Donald Trump
Wednesday, November 4, 2020 - Donald Trump loses the election and prepares for transition. Photo credit: DonkeyHotey / WhoWhatWhy (CC BY-SA 2.0) See complete attribution below.

If you think that the Trump presidency has been crazy so far, you ain’t seen nothing yet. After the election, the US is in for a wild ride.

There have been some lawless times in US history. The Wild West comes to mind, the Prohibition era, and, most recently, the first three years of the Trump presidency. All of them will seem like a church choir outing compared to what’s going to happen in 248 days — not necessarily because of the nature of the crimes but rather because they will be committed in plain sight at the highest level.

Win or lose, on the day after the election, the world is going to see the real Donald Trump. Not that we don’t have a good idea already who this president is, but he is going to take it all to another level — the corruption, the lying, the self-dealing. Right now, even though it often doesn’t seem that way, there is still some level of restraint. Trump knows that he cannot do all of the things he would like to do.

That would change once he wins the election. After getting carte blanche from the Senate and stacking the courts with judges who share his ideology, he will have survived the final obstacle to unchecked power — being held to account by the American voters.

Essentially, Trump will have four years during which he can do whatever he wants.

Some stuff is going to happen right away. If you are the warden of a prison holding one of Trump’s many allies, you better have the keys ready. Because every last one of them is going to walk.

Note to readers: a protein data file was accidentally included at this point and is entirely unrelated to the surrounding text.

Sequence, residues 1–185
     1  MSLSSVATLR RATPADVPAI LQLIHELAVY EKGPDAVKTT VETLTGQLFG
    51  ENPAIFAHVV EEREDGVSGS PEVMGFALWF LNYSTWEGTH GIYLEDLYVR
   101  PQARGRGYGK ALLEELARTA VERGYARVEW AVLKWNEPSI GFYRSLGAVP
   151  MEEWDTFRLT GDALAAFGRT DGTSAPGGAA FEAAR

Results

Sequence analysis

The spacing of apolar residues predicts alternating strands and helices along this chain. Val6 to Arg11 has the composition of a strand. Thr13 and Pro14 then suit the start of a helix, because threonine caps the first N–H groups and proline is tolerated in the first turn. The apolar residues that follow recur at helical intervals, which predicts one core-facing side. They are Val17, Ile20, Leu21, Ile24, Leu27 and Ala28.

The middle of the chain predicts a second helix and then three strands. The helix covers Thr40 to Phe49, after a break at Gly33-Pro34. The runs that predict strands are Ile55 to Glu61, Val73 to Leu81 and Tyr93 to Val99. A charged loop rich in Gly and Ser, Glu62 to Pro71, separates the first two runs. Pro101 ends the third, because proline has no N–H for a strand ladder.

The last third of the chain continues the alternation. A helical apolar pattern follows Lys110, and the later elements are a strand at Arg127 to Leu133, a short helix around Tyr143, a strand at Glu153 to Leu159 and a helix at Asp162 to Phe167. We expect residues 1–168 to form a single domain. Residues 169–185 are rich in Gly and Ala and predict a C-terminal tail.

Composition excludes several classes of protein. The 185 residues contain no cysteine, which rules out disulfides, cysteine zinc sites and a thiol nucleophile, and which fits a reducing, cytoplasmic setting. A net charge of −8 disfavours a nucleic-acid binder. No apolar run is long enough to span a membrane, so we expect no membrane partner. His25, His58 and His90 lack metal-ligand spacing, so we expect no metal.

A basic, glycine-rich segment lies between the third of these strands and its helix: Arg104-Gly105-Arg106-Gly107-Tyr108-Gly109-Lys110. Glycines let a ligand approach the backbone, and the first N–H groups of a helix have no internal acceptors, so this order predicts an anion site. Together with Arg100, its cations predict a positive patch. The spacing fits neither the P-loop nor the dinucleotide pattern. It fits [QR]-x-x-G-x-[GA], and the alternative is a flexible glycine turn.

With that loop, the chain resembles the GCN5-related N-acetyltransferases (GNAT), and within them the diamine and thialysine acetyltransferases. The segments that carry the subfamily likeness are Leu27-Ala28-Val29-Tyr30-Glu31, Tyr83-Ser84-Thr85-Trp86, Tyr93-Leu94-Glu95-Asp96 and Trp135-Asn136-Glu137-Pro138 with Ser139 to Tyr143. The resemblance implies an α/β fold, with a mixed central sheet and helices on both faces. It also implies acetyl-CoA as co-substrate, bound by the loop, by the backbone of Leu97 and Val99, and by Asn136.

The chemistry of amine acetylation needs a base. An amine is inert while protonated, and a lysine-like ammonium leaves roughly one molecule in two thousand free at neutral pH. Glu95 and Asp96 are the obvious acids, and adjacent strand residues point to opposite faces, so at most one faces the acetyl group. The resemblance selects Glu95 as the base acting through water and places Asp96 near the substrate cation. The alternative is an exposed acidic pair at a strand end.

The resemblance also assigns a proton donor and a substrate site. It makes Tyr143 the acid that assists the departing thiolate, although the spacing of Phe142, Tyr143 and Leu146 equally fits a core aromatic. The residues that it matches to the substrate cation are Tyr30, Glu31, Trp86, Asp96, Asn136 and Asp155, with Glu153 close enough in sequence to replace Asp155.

Other pardons will more or less be sold in a way that will make Bill Clinton’s highly questionable pardon of Marc Rich look like a masterclass in political ethics. Trump’s second inauguration will be a textbook example of an autocrat funneling money into his own pockets. It’s going to be so bad it’ll make Vladimir Putin blush. And this time, there will be tanks in the parade.

After that, all bets are off. Maybe he’ll force Mike Pence to resign and appoint Ivanka vice president. Maybe he’ll move a federal agency to one of his struggling resorts and charge them $1,000 per room per day. Maybe he’ll stop funding all science. Maybe he’ll start a war or nuke a hurricane. It’s tough to predict what that addled brain of his will cook up.

There will definitely be a scouring of his “enemies.” And he’ll spend those four years trying to figure out how to stay in power longer.

If you are wondering: “Can he really do those things?” then you are asking the wrong question. The right one is: “Who’s going to stop him?” It won’t be Congress, it won’t be the sycophants he has surrounded himself with, and it probably won’t be the courts. And even if the courts were to rule against him, what if Trump simply doesn’t care? It’s not as though he has shown any respect for the judiciary.

We got a glimpse of this following Trump’s Senate acquittal when he interjected himself into Roger Stone’s case and criticized the sentence, the judge, and even a juror.